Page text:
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Your rights during police encounters / Shane Music

With the recent coverage of protests in Ferguson, Mo., questions have emerged about individual rights when engaging with law enforcement. USA TODAY Network posed a handful of these questions to five legal experts. Here is what we found. If you have a question about a particular incident, it is recommended that you speak to a lawyer.

Q: Do I have to comply if ordered to leave a public area by a police officer?

A: If you disobey a police officer's order to leave, you may be arrested. But is the order legal? It depends on why the officer is asking. If you are disrupting traffic, on private property without permission, or otherwise breaking the law, then the order is legal. But if the officer is requesting that you leave a public space because he or she disagrees with your message, the order is not legal.

There are a multitude of laws regulating public roadways that ensure pedestrian safety and the free flow of traffic. If you break those, police can order you to leave the roadway, but you can congregate legally on the sidewalk.

Q: Can I videotape police?

A: It is legal to openly record on-duty police officers in public spaces. Some state laws may prohibit filming anyone in a public space without their consent, but there is doubt about whether those laws are constitutional. However, an officer may arrest you if you are obstructing an investigation.

Q: Can an officer search me on the street without a warrant when I am not under arrest?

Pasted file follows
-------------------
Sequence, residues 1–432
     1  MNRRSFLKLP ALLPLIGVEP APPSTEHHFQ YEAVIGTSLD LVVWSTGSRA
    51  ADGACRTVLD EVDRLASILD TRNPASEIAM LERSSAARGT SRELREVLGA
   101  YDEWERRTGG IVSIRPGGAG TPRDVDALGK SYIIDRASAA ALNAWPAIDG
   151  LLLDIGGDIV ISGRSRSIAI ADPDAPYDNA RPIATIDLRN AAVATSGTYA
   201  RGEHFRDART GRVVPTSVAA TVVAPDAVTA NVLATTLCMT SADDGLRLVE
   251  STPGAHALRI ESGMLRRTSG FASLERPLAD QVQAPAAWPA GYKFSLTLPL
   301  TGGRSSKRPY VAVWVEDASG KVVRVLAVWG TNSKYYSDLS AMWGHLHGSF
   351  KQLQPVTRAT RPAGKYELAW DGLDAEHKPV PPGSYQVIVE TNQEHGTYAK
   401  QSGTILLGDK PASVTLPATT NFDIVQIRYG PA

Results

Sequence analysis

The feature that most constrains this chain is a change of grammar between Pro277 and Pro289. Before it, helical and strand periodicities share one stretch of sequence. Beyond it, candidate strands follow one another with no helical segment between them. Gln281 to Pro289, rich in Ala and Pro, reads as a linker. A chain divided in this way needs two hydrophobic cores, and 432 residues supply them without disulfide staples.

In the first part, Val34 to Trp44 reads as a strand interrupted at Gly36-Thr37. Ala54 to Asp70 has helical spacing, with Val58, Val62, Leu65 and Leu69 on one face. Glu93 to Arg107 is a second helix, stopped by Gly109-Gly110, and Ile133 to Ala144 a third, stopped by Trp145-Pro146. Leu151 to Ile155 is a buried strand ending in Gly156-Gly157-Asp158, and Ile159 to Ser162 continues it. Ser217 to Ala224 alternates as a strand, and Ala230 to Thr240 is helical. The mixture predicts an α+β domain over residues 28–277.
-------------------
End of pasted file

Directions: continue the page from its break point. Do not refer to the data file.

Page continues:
A: There are limited circumstances under which an officer can search someone without a warrant who is not under arrest. They are:

ā?¢ Voluntary consent. If an officer asks you for permission to search you or your possessions and you voluntarily say yes, the officer has the right to do so.

ā?¢ Reasonable suspicion. If police have reasonable suspicion that you are engaged in criminal activity, they may stop you briefly. If they have reasonable suspicion that you may be carrying a weapon, they may pat you down for weapons. However, they may not conduct a full search unless they have probable cause to arrest you.

There are other exceptions for when police can search a home or a car and its passengers.

Q: How can a curfew trump my right to assemble and protest?

A: The government has the right to impose curfews in certain emergency situations to protect the lives, safety and property of citizens. However, it is unconstitutional if the curfew is imposed only to prevent a peaceable assembly.

Q: If I'm walking in a public area and an officer asks to speak to me, do I have to stop?

A: This is considered a voluntary encounter. The officer has the same right to request that you speak to him as any other person would, but you do not have to answer, nor do you have to stop. Ask the officer if you are free to go. If police have reasonable suspicion to believe you are engaged in a crime, they may detain you briefly to investigate.

Sources: Paul D. Butler, professor at Georgetown Law; Daniel J. Haus, attorney; Roger Goldman, professor emeritus at Saint Louis University School of Law; Orin S. Kerr, professor at the George Washington University Law School; Kenneth White, attorney



Copyright 2014USAToday

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